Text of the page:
Anniston Star – Ayers family’s history in local newspapers is long


Anniston Star – Alabama youth council wants environment prioritized


WBRC Fox 6 Birmingham – Push for no-excuse absentee voting likely going nowhere


WBRC Fox 6 Birmingham – ADPH: 343 Alabamians have died from COVID-19 as more than 8,600 test positive


WBRC Fox 6 Birmingham – Budgets on the move; Speaker says no other bills will be considered


WAFF Huntsville – Hospital staff discusses coronavirus numbers in the Shoals


WAFF Huntsville – New COVID-19 testing site opens in Meridianville


WAFF Huntsville – Budgets on the move; Speaker says no other bills will be considered


Gadsden Times – General Fund advances in House


Gadsden Times – Board weighs GCHS graduation options


Gadsden Times – Gadsden man returned from Texas to face child sex charges


Dothan Eagle – Troopers seeing traffic increase as state restrictions ease


Dothan Eagle – Publix confirms associates at two Dothan stores tested positive for COVID-19


Dothan Eagle – Dothan’s Alabama Clinics offering COVID-19 antibody testing


Troy Messenger – Pike Lib sets date for graduation; format undecided


Troy Messenger – Understanding how, when to use COVID-19 tests is crucial


Troy Messenger – Shopkeepers happy to welcome customers again


Andalusia Star News – County offices open up; follow orders


Andalusia Star News – RLHS alumna making her dreams come true


Andalusia Star News – DAR honors six seniors


Opelika-Auburn News – City police, FEMA grant applications top Opelika council agenda


Opelika-Auburn News – Auburn program helps local family with treatment


Opelika-Auburn News – Police reports from May 6


Daily Mountain Eagle – Alabama lawmakers advance pared down budgets amid COVID-19


Daily Mountain Eagle – Shelton works to protect Ridgewood residents during COVID-19 pandemic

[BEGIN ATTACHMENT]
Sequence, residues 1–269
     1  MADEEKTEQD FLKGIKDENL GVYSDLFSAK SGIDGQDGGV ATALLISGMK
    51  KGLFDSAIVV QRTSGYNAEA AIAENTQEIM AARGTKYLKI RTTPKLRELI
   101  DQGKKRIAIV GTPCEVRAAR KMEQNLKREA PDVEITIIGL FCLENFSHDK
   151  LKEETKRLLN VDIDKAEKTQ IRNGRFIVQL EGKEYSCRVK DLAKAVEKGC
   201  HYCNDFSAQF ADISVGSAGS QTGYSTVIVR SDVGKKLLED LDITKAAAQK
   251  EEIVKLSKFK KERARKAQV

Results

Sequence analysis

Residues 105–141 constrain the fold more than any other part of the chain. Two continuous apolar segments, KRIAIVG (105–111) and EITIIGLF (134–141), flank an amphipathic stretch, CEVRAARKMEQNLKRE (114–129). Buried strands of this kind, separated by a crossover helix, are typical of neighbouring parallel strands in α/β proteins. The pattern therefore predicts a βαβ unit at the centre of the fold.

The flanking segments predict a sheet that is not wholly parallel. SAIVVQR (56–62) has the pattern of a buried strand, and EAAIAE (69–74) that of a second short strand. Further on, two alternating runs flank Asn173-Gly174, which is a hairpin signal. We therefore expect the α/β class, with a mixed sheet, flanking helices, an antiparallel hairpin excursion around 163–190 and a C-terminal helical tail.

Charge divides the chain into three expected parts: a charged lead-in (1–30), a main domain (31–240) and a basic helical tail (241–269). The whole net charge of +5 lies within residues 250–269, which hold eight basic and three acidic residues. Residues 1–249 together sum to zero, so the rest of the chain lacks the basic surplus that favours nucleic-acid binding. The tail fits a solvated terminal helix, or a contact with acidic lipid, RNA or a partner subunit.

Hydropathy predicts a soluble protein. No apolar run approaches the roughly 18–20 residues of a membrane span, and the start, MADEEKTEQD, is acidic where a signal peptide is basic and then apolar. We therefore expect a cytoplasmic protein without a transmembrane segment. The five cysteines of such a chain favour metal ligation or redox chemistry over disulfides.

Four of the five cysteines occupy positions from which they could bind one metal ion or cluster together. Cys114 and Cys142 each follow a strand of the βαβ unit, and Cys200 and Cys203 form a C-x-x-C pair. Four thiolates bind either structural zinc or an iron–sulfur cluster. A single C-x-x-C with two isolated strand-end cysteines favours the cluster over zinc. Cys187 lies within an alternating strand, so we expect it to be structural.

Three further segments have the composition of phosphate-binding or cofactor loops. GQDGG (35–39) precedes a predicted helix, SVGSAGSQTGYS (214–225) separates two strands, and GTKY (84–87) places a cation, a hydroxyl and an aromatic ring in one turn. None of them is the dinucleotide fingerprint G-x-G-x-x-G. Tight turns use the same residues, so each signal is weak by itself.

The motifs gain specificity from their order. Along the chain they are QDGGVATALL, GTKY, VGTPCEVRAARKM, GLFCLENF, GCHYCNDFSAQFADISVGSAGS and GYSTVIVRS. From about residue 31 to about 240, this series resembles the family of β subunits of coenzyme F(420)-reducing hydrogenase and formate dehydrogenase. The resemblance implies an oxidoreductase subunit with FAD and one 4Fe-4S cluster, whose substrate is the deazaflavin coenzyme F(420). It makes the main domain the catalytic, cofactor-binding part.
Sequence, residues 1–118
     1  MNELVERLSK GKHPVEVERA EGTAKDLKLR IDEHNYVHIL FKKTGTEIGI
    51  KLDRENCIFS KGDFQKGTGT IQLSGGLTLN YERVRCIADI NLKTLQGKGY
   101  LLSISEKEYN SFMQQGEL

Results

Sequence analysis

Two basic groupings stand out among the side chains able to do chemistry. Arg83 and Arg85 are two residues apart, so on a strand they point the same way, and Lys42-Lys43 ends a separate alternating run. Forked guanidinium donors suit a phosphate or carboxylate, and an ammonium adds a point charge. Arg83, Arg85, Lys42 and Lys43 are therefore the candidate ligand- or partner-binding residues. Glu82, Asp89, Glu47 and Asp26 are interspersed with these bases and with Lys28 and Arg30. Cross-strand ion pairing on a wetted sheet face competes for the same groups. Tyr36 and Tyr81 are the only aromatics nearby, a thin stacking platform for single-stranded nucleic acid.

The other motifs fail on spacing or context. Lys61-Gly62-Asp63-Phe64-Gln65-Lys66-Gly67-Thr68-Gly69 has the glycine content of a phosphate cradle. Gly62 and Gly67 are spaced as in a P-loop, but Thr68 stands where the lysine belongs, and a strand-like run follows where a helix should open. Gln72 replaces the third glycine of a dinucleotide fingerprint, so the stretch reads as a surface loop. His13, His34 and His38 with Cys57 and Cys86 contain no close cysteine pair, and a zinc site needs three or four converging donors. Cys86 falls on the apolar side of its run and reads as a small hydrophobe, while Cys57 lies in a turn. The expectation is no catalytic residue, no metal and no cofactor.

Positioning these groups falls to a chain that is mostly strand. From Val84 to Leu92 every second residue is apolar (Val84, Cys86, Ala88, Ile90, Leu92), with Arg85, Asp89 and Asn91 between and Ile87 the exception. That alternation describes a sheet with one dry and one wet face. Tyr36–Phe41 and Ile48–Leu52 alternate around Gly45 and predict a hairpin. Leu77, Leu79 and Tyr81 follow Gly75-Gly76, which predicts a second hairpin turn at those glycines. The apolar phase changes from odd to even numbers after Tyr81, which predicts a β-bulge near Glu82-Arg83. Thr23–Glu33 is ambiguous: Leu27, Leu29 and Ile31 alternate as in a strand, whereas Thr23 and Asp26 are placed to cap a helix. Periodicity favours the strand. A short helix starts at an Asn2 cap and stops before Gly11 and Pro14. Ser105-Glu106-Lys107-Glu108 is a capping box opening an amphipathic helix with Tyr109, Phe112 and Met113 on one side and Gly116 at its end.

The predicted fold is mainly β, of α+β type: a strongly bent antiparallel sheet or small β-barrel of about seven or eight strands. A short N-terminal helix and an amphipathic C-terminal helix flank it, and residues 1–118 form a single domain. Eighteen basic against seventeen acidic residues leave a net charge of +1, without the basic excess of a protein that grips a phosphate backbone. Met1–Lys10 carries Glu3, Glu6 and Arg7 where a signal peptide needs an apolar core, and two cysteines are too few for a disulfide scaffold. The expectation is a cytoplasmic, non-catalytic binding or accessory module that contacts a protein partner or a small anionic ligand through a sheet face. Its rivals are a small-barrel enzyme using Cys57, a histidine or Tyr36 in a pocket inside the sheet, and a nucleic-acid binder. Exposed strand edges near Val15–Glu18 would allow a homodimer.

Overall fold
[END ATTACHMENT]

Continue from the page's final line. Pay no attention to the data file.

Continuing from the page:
Daily Mountain Eagle – Flyover for Walker Baptist set for 10:13 a.m. Thursday


Trussville Tribune – 2020 graduates from St. Clair County Schools to be recognized individually


Trussville Tribune – Center Point Farmers Market to begin in June, guidelines to combat COVID-19


Trussville Tribune – St. Clair County Jail: Inmate Roster, Wednesday, May 6, 2020


Athens News Courier – April jobs data to show epic losses and soaring unemployment


Athens News Courier – Pryor Field Regional Airport award infrastructure grant


Athens News Courier – UPDATED: Decatur man killed in Tuesday wreck


Sand Mountain Reporter – Marshall County to pick up white goods May 18


Sand Mountain Reporter – NACC art instructor adapts to online teaching


Sand Mountain Reporter – DeKalb: Open for business


WSFA Montgomery – Alabama Department of Labor works overtime to process 400K unemployment claims


WSFA Montgomery – 2 charged with capital murder in stabbing of Montgomery teen


WSFA Montgomery – Arrest made in 1 of 3 Wednesday Montgomery shootings


WKRG Mobile – Mystery illness possibly linked to COVID-19 sending children to ICU


WKRG Mobile – Wife of USA Professor who died due to COVID-19 speaks about husband’s death


WKRG Mobile – Crews on scene of 70-acre fire in Santa Rosa County


WTVY Dothan – Ozark man arrested for murder


WTVY Dothan – Residents lose homes, evacuate as wildfire engulfs more than 500 acres in Walton County


WTVY Dothan – Prediction: A fully open economy will kill more than 2,300 Alabamians


WASHINGTON POST  – Disproportionately black counties account for over half of coronavirus cases in the U.S. and nearly 60% of deaths, study finds


WASHINGTON POST  – Trump vetoes congressional resolution limiting his military authority against Iran.


WASHINGTON POST  – Betsy DeVos announces new rules on campus sexual assault, offering more rights to the accused.


NEW YORK TIMES  – Coronavirus Crisis Exacts Toll on People With Disabilities


NEW YORK TIMES  – Trump’s New Coronavirus Message: Time to Move On to the Economic Recovery


NEW YORK TIMES  – The Trump Administration Is Reversing Nearly 100 Environmental Rules. Here’s the Full List.